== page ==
"[The congressional] purpose may be evidenced in several ways. The scheme of federal regulation may be so pervasive as to make reasonable the inference that Congress left no room for the States to supplement it. Pennsylvania R. Co. v. Public Service Comm'n, 250 U.S. 566, 569; Cloverleaf Butter Co. v. Patterson, 315 U.S. 148. Or the Act of Congress may touch a field in which the federal interest is so dominant that the federal system will be assumed to preclude enforcement of state laws of the same subject. Hines v. Davidowitz, 312 U.S. 52. Likewise, the object sought to be obtained by the federal law and the character of obligations imposed by it may reveal the same purpose. Southern R. Co. v. Railroad Commission, 236 U.S. 439; Charleston & W.C.R. Co. v. Varnville Co., 237 U.S. 597; New York Central R. Co. v. Winfield, 244 U.S. 147; Napier v. Atlantic Coast Line R. Co., supra." Accord, City of Burbank v. Lockheed Air Terminal, Inc., 411 U.S. 624, 633 (1973).

Even if Congress has not completely foreclosed state legislation in a particular area, a state statute is void to the extent that it actually conflicts with a valid federal statute. A conflict will be found "where compliance with both federal and state regulations is a physical impossibility . . .," Florida Lime & Avocado Growers, Inc. v. Paul, 373 U.S. 132, 142-143 (1963), or where the state "law stands as an obstacle to the accomplishment and execution of the full purposes and objectives of Congress." Hines v. Davidowitz, 312 U.S. 52, 67 (1941); Jones v. Rath Packing Co., supra, at 526, 540-541. Accord, De Canas v. Bica, 424 U.S. 351, 363 (1976).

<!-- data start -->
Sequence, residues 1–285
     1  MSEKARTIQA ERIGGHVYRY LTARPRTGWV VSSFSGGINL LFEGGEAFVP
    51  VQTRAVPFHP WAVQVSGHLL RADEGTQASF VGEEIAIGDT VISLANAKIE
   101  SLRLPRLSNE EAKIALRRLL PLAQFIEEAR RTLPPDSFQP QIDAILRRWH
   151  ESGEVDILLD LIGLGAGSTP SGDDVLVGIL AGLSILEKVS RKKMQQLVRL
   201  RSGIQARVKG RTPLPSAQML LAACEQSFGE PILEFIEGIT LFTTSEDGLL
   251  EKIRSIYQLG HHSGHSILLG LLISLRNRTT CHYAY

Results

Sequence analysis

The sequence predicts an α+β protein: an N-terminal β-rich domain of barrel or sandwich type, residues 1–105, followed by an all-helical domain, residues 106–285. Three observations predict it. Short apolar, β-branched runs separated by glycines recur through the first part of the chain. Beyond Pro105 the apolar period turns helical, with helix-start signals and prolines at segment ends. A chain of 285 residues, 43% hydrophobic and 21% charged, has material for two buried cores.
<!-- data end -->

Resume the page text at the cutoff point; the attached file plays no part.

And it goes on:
With these principles in mind, we turn to an examination of each of the three operative provisions of the Tanker Law. We address first § 88.16.180, which requires both enrolled and registered7 oil tankers of at least 50,000 DWT to take on a pilotlicensed by the State of Washington while navigating Puget Sound. The District Court held that insofar as the law required a tanker "enrolled in the coastwise trade" to have a local pilot on board, it was in direct conflict with 46 U.S.C. §§ 215, 364. We agree.